** Participants with an mpox diagnosis before August 19, 2022, were ineligible for inclusion in the study. This date was selected to coincide with widespread availability of vaccine.
†† Sexually active was defined as having one or more sexual partners during the 3 months before survey completion.
§§ Participants were categorized as unvaccinated if no reported doses were received on or before the index date. Participants were categorized as partially vaccinated if they received 1 dose ≥14 days before the index date and fully vaccinated if they received 2 doses ≥24 days apart (to allow for a 4-day grace period) and the second dose was received ≥14 days before the index date. Participants who received their first vaccine dose ≤13 days before their index date were excluded. When vaccination status as recorded in state vaccination registries was unavailable, participant-reported vaccination status was used.
¶¶ Case-patient and control patient matching was maximized by combining the following jurisdictions: California (excluding Los Angeles County) and Los Angeles County, District of Columbia and Maryland, New York (excluding New York City) and New York City.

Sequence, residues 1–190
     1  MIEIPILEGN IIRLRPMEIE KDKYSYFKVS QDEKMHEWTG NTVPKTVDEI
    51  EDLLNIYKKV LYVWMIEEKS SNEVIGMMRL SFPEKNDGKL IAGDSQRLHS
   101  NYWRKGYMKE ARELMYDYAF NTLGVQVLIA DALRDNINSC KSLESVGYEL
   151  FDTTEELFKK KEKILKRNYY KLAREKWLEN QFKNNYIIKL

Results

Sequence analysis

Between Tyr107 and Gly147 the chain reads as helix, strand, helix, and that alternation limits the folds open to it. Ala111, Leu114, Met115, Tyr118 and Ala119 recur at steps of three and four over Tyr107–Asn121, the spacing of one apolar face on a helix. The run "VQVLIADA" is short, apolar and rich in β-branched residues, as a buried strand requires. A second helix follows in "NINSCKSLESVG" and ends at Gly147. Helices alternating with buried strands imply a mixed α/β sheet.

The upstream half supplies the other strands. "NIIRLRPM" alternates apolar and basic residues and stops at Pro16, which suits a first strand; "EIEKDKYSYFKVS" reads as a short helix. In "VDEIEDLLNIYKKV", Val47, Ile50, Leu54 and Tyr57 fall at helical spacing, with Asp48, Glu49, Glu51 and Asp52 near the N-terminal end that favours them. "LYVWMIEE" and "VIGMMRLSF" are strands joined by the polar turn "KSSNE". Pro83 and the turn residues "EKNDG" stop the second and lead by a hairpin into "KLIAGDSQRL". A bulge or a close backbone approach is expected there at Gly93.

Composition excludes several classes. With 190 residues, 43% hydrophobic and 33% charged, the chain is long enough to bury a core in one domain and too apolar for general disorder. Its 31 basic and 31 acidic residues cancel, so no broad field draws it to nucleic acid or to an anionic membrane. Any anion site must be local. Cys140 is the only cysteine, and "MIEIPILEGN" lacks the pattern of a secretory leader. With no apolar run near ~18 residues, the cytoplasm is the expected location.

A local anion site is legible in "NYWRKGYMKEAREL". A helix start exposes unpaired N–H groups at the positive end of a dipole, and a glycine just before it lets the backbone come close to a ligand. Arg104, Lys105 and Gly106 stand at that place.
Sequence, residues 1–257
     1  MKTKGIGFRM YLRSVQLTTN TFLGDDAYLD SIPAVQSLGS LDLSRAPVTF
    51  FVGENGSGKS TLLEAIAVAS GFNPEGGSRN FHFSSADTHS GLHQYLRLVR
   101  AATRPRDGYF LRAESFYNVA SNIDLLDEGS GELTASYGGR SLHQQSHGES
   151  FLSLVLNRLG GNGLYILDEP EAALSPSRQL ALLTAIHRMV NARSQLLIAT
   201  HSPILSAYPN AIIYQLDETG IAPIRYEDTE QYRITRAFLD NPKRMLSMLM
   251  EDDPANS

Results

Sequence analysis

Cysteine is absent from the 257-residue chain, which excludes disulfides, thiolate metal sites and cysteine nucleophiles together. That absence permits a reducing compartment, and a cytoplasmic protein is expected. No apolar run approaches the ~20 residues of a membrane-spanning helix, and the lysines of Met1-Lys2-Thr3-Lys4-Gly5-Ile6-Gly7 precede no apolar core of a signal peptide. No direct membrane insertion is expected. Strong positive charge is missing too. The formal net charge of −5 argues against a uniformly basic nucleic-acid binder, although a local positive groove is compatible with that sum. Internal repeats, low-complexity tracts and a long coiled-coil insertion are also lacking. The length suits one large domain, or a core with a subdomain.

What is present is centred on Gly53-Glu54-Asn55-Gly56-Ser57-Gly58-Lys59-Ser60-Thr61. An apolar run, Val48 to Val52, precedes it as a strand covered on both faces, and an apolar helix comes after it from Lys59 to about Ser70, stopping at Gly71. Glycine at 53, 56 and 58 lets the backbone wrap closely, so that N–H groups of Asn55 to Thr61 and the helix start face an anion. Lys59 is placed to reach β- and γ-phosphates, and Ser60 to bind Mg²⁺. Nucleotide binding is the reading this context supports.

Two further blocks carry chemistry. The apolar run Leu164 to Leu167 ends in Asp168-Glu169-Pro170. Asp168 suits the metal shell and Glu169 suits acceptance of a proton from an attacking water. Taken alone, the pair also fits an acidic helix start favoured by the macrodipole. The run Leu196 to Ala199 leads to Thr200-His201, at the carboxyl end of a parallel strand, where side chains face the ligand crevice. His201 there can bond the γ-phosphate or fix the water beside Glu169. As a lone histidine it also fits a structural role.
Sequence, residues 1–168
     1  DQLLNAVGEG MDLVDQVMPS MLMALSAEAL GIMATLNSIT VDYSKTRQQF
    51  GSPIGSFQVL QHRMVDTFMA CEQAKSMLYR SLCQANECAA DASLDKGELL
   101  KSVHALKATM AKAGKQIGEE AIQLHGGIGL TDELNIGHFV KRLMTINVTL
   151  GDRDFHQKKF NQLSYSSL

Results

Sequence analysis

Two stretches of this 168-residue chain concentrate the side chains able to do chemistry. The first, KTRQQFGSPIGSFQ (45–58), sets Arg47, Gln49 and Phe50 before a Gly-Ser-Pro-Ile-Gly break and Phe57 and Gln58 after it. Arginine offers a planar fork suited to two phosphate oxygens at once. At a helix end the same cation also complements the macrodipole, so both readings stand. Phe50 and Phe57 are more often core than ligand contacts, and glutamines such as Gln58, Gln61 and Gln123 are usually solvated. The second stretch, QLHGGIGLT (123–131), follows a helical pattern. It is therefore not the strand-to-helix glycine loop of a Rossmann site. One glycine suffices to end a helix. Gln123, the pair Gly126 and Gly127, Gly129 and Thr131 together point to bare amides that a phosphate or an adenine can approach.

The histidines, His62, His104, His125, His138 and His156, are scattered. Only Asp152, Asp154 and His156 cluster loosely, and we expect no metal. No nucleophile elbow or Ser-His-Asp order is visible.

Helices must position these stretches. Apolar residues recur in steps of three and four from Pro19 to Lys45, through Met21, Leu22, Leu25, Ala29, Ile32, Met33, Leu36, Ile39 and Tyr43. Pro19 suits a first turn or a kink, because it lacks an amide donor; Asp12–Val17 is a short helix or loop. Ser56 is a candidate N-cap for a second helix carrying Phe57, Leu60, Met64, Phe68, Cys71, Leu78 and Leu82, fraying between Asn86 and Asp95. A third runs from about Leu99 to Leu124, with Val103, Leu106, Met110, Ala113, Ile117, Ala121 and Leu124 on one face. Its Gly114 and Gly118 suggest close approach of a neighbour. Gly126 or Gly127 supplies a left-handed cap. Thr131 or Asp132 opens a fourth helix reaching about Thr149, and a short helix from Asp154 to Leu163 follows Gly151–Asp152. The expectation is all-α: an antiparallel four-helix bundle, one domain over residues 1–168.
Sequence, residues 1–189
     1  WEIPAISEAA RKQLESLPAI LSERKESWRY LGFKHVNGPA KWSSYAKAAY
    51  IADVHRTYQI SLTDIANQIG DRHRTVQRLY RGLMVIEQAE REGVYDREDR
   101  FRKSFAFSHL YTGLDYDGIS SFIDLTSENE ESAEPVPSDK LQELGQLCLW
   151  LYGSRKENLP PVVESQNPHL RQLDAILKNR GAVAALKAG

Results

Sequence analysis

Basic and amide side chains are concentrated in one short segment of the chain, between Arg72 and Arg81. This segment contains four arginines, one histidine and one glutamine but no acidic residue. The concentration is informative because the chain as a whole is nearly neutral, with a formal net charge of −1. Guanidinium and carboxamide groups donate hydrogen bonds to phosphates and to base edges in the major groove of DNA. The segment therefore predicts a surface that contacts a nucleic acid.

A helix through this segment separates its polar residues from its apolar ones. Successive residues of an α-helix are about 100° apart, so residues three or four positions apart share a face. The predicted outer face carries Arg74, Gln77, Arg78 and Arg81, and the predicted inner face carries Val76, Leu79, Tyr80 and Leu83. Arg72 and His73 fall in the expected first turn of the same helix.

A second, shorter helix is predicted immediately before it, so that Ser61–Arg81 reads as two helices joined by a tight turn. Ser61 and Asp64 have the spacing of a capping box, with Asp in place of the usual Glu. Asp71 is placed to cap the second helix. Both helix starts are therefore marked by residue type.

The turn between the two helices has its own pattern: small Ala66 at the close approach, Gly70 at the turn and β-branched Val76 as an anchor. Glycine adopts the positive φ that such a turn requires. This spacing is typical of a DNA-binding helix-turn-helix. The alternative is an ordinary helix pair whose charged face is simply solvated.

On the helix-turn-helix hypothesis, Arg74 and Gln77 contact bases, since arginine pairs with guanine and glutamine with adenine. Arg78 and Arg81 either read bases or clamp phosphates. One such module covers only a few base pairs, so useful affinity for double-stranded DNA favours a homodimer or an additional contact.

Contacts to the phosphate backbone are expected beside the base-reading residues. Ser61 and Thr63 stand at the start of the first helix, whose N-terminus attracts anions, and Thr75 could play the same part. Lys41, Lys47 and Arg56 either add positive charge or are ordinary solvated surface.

*** Immunocompromising conditions were based on self-report and defined as living with HIV, having a medical condition that weakens the immune response, or taking a medication that weakens the immune response.
††† Close contact with an mpox case-patient was defined as intimate or nonintimate contact, including sex, hugging, kissing, sharing food or utensils, sharing sheets or towels, or sharing a living space, during the 3 weeks preceding the onset of mpox signs and symptoms.
§§§ C.F.R. part 46.102(l)(2), 21 C.F.R. part 56; 42 U.S.C. Sect. 241(d); 5 U.S.C. Sect. 552a; 44 U.S.C. Sect. 3501 et seq.
¶¶¶ Minimum data elements included index date, case status, and vaccination status based on data reported from participants or health departments.
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Suggested citation for this article: Dalton AF, Diallo AO, Chard AN, et al. Estimated Effectiveness of JYNNEOS Vaccine in Preventing Mpox: A Multijurisdictional Case-Control Study — United States, August 19, 2022–March 31, 2023. MMWR Morb Mortal Wkly Rep 2023;72:553–558. DOI: http://dx.doi.org/10.15585/mmwr.mm7220a3.